BOSTON -- Following a recent Boston Celtics practice, Kara Lawson took a stroll outside the practice facility when a biker recognized her and immediately made a U-turn.
“I’m not going to do a fake Boston accent. That would be terrible,” Lawson said as she recalled the encounter. “He said, ‘Yo Kara, welcome to Boston! Go Celtics! And he turns his bike around and keeps riding.”
In a sense, it speaks to why Lawson found Boston an ideal fit for her after having had overtures from other teams in the past.
Because in Boston, as much as the focus will initially be on her being the franchise’s first female assistant coach ever, at the end of the day it is Lawson’s ridiculously loaded body of work that stands out and makes her hiring an excellent one for the Celtics.
When the season ended and the Celtics lost assistant coach Micah Shrewsberry who returned to the college game as an associate head coach at Purdue, the thinking was that Boston needed to add an assistant who could better connect with the players.
Someone like … Kara Lawson.
Her basketball resume is full of accomplishments on all levels.
But it’s the highs and lows she has gone through, maybe more than anything else, that makes her someone who seems an ideal fit for what this coaching staff - and these young players - need right now.
And that is what she brings to the table that when all is said and done, should be of the greatest benefit to this team.
“My perspective that I try to bring is, I’ve been there,” Lawson said. “I’ve won a championship. I’ve played almost any role you can possibly play on a team. I’ve been a rookie where I didn’t play a lot. I’ve been a point guard where I started every game and we made it to the conference finals. I’ve been a sixth man more years than I wanted to be. So I can relate to when you get put to that sixth position. And it sucks when you come in everyday and the starters are in green and you are in white. It’s the worst, but you have to deal with it and you gotta be a pro. So, most of the things they experienced emotionally, I have experienced too. I can not just understand, but I can relate to their ups and downs.”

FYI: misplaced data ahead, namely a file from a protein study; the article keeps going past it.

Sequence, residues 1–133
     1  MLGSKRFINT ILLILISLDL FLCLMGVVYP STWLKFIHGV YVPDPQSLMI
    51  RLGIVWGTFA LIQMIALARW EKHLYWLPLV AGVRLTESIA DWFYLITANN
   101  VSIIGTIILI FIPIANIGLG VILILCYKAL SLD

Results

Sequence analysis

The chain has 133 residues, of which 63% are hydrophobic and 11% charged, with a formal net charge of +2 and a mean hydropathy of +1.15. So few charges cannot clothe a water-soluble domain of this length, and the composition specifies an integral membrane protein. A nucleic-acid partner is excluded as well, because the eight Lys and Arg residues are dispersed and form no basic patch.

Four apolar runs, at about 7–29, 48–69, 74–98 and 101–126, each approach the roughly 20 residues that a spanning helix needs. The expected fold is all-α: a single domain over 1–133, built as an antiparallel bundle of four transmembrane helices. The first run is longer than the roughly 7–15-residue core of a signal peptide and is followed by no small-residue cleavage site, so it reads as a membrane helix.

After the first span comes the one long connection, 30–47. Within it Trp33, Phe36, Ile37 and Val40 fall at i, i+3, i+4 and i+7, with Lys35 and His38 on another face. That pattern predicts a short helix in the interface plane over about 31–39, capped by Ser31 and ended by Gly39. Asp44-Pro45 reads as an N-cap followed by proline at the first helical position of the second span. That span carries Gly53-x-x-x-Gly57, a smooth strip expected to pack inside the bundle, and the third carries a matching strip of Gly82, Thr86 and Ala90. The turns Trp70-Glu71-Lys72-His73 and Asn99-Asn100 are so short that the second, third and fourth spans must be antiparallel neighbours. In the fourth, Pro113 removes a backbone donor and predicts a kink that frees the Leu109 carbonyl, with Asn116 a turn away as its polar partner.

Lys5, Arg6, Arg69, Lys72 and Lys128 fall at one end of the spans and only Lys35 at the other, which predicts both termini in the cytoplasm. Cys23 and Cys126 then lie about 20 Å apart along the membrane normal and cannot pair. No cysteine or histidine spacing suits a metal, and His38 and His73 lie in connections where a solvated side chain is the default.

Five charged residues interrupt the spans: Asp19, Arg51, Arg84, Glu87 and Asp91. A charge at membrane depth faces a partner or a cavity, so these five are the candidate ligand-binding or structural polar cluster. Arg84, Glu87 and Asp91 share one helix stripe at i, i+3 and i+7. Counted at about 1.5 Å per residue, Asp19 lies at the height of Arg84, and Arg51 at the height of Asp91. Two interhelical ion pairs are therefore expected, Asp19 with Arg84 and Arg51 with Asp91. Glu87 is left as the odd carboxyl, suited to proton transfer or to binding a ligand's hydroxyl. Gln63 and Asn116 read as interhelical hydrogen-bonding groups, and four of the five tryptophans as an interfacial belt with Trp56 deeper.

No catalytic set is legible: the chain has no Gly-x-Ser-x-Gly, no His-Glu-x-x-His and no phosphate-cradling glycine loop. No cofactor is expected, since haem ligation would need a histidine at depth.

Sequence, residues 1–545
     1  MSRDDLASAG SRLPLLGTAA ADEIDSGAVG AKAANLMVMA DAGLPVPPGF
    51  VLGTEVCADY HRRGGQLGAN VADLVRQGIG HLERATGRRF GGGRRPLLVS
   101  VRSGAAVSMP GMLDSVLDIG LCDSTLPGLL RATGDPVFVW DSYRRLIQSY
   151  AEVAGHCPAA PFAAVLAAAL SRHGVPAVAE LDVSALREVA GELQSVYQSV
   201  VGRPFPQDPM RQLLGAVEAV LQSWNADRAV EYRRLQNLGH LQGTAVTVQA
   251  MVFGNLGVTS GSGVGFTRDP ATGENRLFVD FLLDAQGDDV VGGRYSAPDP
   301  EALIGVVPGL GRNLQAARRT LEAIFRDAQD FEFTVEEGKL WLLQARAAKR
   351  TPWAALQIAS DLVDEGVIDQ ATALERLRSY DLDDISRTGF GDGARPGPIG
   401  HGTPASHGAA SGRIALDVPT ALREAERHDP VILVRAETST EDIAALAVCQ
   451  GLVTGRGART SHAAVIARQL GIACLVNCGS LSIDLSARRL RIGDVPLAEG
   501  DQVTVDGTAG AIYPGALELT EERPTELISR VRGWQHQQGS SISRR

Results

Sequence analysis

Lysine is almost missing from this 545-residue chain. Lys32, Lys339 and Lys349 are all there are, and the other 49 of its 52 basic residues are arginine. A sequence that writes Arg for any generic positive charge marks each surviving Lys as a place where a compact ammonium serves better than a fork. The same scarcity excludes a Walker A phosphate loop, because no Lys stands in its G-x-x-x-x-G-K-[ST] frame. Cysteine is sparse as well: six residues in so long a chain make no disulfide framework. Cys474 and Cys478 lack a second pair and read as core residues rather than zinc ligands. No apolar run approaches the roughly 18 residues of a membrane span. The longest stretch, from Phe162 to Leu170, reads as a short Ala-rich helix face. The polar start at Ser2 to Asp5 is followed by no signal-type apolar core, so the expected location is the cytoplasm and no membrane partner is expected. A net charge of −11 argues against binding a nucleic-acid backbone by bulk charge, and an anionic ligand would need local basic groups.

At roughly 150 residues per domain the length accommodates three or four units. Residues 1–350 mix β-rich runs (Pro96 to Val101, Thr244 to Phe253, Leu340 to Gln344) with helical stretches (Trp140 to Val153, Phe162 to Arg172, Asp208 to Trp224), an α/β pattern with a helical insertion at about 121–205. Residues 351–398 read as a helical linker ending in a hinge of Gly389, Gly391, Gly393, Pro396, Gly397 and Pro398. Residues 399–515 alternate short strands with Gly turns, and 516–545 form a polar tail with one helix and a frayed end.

Even with her qualifications and experience, it’ll take some folks - not Celtics fans like the biker dude she crossed paths with recently - some time to get past the fact that she is the first female assistant coach in the franchise’s history.
“My mindset is being the first to do something is great; I want to be the best,” Lawson said. “I don’t want to be the best of my gender. I want to be the best in the league.”
It doesn’t take long to see that Lawson is no different than any other assistant coach in this league whose aspirations are to continue to get better, one day at a time.
And like most assistants, she’s not exactly twiddling her fingers patiently waiting for things to happen.
One of the first adjustments for Lawson has been learning the Celtics terminology.
“It’ll come,” she said. “But I’m not very patient. I want it to hurry up.”
Because when all is said and done, it is how well she does her job - regardless of gender - that will ultimately determine her success.
“I don’t want every time someone talks about me, I don’t want it to be about my gender; at least when it comes in the confines of a competitive environment,” Lawson said. “Obviously from the outside, a societal standpoint, that’s going to happen. It’s unusual still. Hopefully it won’t be unusual down the road.”
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